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first_img Pasadena Will Allow Vaccinated People to Go Without Masks in Most Settings Starting on Tuesday Get our daily Pasadena newspaper in your email box. Free.Get all the latest Pasadena news, more than 10 fresh stories daily, 7 days a week at 7 a.m. Christmas trees are among the most flammable items in homes and businesses at this time of year. A dry tree may literally explode and be consumed by fire in a matter of seconds.When the trees are placed in any area where the public may gather, the California Code of Regulations requires that they be treated with a flame-retardant solution or process approved by the State Fire Marshal.The Pasadena Fire Department requires that the following regulations be observed regarding the use of Christmas trees in areas of public assemblage, including schools, institutions, retail stores, public areas in hotels, apartment houses, and office buildings:· Flame retardant, applied by an operator licensed by the California State Fire Marshal’s Office, is required for all holiday trees in public buildings.· Per the fire code, trees and other decorations cannot block or obstruct any exit way or pedestrian path of travel.· The tree shall bear a tag approved by the California State Fire Marshal’s Office indicating the date, type of retardant, name of the concern that applied the retardant and the license number.· Candles are prohibited on trees and wreaths.· Wreaths must be properly treated with a flame retardant approved by the State Fire Marshal’s Office and so tagged.· The support device that holds the tree is an upright position must be of a type that is stable and of adequate size to avoid tipping over of the tree and capable of containing enough water to cover at least two inches of the tree stem.· The bottom of the trunk must be immersed in at least two inches of water at all times. Immediately prior to immersion, the trunk must be cut off at least one inch above the original cut.· No readily combustible materials may be placed on, under or within four feet of the maximum horizontal projection of any tree, including live specimens.· No tree or decoration may be displayed in a way that impedes or affects any exit.· No tree may be displayed for more than 30 days.· Only use electrical lights that are UL listed for use on indoor trees. The Fire Department recommends that low-heat mini-lights be used for all trees.For more information call (626) 744-4655. Your email address will not be published. Required fields are marked * HerbeautyThe Most Heartwarming Moments Between Father And DaughterHerbeautyHerbeautyHerbeautyUnapologetic Celebs Women AdoreHerbeautyHerbeautyHerbeautyHere Is What Scientists Say Will Happen When You Eat AvocadosHerbeautyHerbeautyHerbeauty10 Special Beauty Tips That Make Indian Women So BeautifulHerbeautyHerbeautyHerbeautyHow To Lose Weight & Burn Fat While You SleepHerbeautyHerbeautyHerbeauty9 Things You’ve Always Wanted To Know About RihannaHerbeautyHerbeauty 0 commentsShareShareTweetSharePin it More Cool Stuff Top of the News Make a comment Community News faithfernandez More » ShareTweetShare on Google+Pin on PinterestSend with WhatsApp,Virtual Schools PasadenaHomes Solve Community/Gov/Pub SafetyPasadena Public WorksPasadena Water and PowerPASADENA EVENTS & ACTIVITIES CALENDARClick here for Movie Showtimescenter_img Pasadena’s ‘626 Day’ Aims to Celebrate City, Boost Local Economy Business News Community News First Heatwave Expected Next Week EVENTS & ENTERTAINMENT | FOOD & DRINK | THE ARTS | REAL ESTATE | HOME & GARDEN | WELLNESS | SOCIAL SCENE | GETAWAYS | PARENTS & KIDS Public Safety Fire Department Offers Christmas Tree Guidelines Published on Thursday, December 4, 2014 | 12:39 pm Name (required)  Mail (required) (not be published)  Website  Subscribe Home of the Week: Unique Pasadena Home Located on Madeline Drive, Pasadenalast_img read more

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first_imgGrammy-nominated reggae-hip-hop-rock vocalist/beat-boxer Matisyahu has been keeping very busy as of late. Last year, he released his sixth studio album, Undercurrent, and proceeded to tour extensively behind the LP, including a late-2017 run with Common Kings and Orphan dubbed “The Broken Crowns Tour.” Matisyahu was able to multi-task during the tour, taking the time to record the upcoming fourth installation of his Live At Stubb’s series during a stop in Austin.The Broken Crowns Tour also included a memorable performance at the historic Capitol Theatre in Port Chester, NY–a venue that’s hosted a thoroughly impressive amount of world-class talent over the years. During the show at The Cap (a hometown performance for the White Plains, NY native), Matisyahu and company utilized the theater’s full-wall projection capabilities to introduce a new film that’s tied to the album’s message.As Matisyahu explains regarding the significance of the Capitol Theatre performance, “During the evolution of the Undercurrent album, we filmed a movie for the record. This hometown performance at the Capitol Theatre marked the first time it was seen publicly, projected behind us during ‘Forest of Faith’…”Today, Live For Live Music is excited to premiere the official live video of “Forest of Faith” from Matisyahu’s December 23rd, 2017 performance at The Capitol Theatre, featuring the Undercurrent movie projections. Watch the performance below:Matisyahu – “Forest of Faith” – The Capitol Theatre – 12/23/17[Video: Matisyahu]Matisyahu has hit the ground running with “Forest of Faith” and the rest of his new material in 2018. His “Forest of Faith Tour” with Colorado-based rock-fusion outfit Eminence Ensemble is already underway and will keep him and his band (guitarist Aaron Dugan, bassist Stu Brooks, drummer Joe Tomino, and keyboardist Big Yuki) on the road throughout the next two months.Explains Matisyahu:The Forest of Faith Tour means entering into the unknown of the music and creating unique musical experiences born out of the immediate here and now, much like the innate beauty and purity of the untouched forest. I am looking forward to starting out 2018 dancing, listening, singing, and making music together with you who allow me the opportunity…this February and March in a town near you. Blessings and love.You can check out a list of Matisyahu’s upcoming Forest of Faith Tour dates below. For more information, or to grab your tickets for any of the upcoming shows, head to Matisyahu’s website.Matisyahu “Forest of Faith” Upcoming Tour Dates:2/16 – Bellingham, WA @ Wild Buffalo2/18 – Vancouver, BC @ Rickshaw Theatre2/21 – Spokane, WA @ The Knitting Factory2/22 – Missoula, MT @ The Wilma2/23 – Park City, UT @ Park City Live2/24 – Boulder, CO @ Fox Theatre**2/25 – Colorado Springs, CO @ The Black Sheep2/28 – Des Moines, IA @ Wooly’s3/01 – Tulsa, OK @ Cain’s Ballroom3/02 – North Kansas City, MO @ Jannus Live3/03 – Nashville, TN @ Exit/In3/04 – Asheville, NC @ The Orange Peel3/05 – Atlanta, GA @ City Winery3/07 – Atlanta, GA @ City Winery3/08 – Macon, Georgia @ Cox Capitol Theatre3/09 – New Orleans, LA @ House of Blues3/10 – Mobile, AL @ Soul Kitchen3/13 – Chattanooga, TN @ The Signal3/14 – Charlottesville, VA @ Jefferson Theater3/15 – Newport News, VA @ Boathouse Live3/16 – Matthews, NC @ The Fillmore Charlotte3/17 – St. Petersburg, FL @ Reggae Rise Up Festival**3/18 – North Myrtle Beach, FL @ House of Blues** – without Eminence Ensemblelast_img read more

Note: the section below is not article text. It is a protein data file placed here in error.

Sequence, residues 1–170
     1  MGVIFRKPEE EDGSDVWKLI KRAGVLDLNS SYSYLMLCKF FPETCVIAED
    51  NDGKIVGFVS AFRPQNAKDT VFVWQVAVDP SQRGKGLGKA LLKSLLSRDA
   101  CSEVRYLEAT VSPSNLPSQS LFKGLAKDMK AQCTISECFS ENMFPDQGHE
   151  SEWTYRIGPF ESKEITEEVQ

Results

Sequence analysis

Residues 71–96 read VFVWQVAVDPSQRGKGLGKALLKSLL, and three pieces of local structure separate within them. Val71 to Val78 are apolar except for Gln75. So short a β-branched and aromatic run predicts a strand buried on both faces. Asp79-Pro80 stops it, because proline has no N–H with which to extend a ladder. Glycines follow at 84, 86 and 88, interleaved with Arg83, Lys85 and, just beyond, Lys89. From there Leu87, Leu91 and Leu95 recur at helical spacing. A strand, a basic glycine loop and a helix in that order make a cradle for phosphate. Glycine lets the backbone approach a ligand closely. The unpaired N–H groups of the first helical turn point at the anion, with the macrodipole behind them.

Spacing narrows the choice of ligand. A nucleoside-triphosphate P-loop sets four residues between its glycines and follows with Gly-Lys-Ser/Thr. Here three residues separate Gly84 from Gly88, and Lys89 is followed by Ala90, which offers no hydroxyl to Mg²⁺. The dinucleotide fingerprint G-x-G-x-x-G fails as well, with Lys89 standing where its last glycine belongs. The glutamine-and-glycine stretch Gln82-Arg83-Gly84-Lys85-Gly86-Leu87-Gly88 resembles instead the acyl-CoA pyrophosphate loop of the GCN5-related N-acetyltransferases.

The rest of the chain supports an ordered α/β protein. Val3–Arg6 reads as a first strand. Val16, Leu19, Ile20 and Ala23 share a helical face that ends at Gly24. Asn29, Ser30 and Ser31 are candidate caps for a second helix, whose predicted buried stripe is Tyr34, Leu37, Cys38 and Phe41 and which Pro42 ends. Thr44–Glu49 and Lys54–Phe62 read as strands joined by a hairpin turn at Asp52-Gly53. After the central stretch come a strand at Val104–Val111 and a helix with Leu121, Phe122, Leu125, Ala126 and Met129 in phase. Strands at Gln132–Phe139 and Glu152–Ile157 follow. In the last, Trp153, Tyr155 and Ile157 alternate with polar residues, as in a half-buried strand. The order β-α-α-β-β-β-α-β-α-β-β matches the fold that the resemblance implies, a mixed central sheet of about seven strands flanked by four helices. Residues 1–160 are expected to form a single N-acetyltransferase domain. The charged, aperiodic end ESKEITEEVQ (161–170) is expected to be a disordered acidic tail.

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first_imgOn Monday evening, Saint Mary’s alumnae Liz Palmer ‘13, Malea Schulte ’14 and co-travelers Jonathan and Tameka Bell shared the lessons they learned from spending two weeks in Rwanda this past summer in a presentation titled “Project Rwanda: A Journey in Solidarity.” Caitlyn Jordan Saint Mary’s alumna Malea Schulte ’14 delivers presentation Monday evening on her experience in Rwanda working with both victims and perpetrators of the Rwandan genocide.In the Rwandans they met, Palmer and Schulte saw strength and faith resonating in the aftermath of the 1994 genocide, Palmer said.In 1994, over one million Tutsi Rwandans were killed in a 100-day period. During this genocide, one out of every 10 Tutsi Rwandans were killed, Palmer said.“In recognition of 20 years post-genocide, Malea and I were driven by Saint Mary’s core values of faith and spirituality, community learning and justice to embark on this mission of solidarity … simply to hear the stories of the people,” Palmer said. “We were looking to highlight our shared humanity and weave into the fabric of our culture that every single life matters.”The project began as part two of Malea’s senior composition titled “Storybank,” which included 26 portraits depicting a cross section of the Saint Mary’s community, Schulte said.“One of the participants was a woman from Rwanda whose story inspired me to journey to her home country with the goal of learning through listening and sharing through art,” Schulte said.Before journeying to Rwanda, Schulte and Palmer partnered with People Improving Communities through Organizing (PICO), an international, faith-based, non-governmental organization committed to stimulating communal growth through organization, Schulte said.“Together we formed a delegation of 20 people, and it included Catholic priests, Lutheran priests, writers, storytellers, professors and artists,” Schulte said.Two members of the delegation were Jonathan Bell, a senior communications advisor to PICO-Rwanda, and Tameka Bell, a story and communications trainer for PICO’s international network, Schulte said.With pictures taken by Jonathan Bell hanging in the gallery, Tameka Bell shared her experience during the presentation. In Rwanda, she witnessed community building in numerous lives, including when a woman died while giving birth during a long walk to the nearest hospital, she said. A few days after the woman’s death, a much-needed clinic and road was finally completed as a result of community organizing.“When one person tells a story to another person, they can change the world,” Tameka Bell said. “That’s really at the center of community organizing.”A meeting with the vice president of Rwanda’s senate inspired the group to share the story of their time in Rwanda with others, Tameka Bell said.“He said to us, ‘When you go back to the United States, would you tell them who we really are? Ask them not to judge us by the worst day of our life. Ask them to see the whole person, the whole community — the joy and the sorrow and the laughter and the innocence — who we really are,’” Tameka Bell said.Rwandans have worked for reconciliation and forgiveness in the aftermath of the genocide, Schulte said. The Gacaca courts facilitated healing by allowing perpetrators a chance to confess and ask for forgiveness, she said.“We witnessed victims and perpetrators working together in harmony,” Schulte said. “We visited a women’s vegetable cooperative where perpetrators and victims were working together to support themselves. … It was very clear they worked with a sense of pride and towards the common good.”In interacting with Rwandans, Palmer and Schulte initiated conversation with the question, “How do you want to be remembered?” The variety of answers to that question, such as ‘I pray,’ was life changing, Palmer said.During their time in Rwanda, Schulte and Palmer lived by the saying ‘We don’t wait for road to be built; we build them ourselves,’ a quote adopted from Pastor John, a friend made in Rwanda, Palmer said. Both learned about the world and themselves and how to grasp every moment of life.“Time is money, and we don’t know how much time we do have, and that’s one thing the Rwandans definitely made clear,” Palmer said. “And yet they live every day to the fullest. I think life is a series of single moments, and we need to grasp that.”Sophomore Lauren Zyber said she thought the presentation was incredible, and she was moved when an audio of Schulte and several other Rwandans spontaneously singing Amazing Grace was played.“I thought it was amazing to see how much this experience had impacted them and the stories that they told,” Zyber said. “… The power of stories is incredible to me.”Tags: jonathan bell, liz palmer, malea schulte, PICO, project rwanda: a journey in solidarity, Rwanda, rwanda project, Rwandan Genocide, storybank, tameka belllast_img read more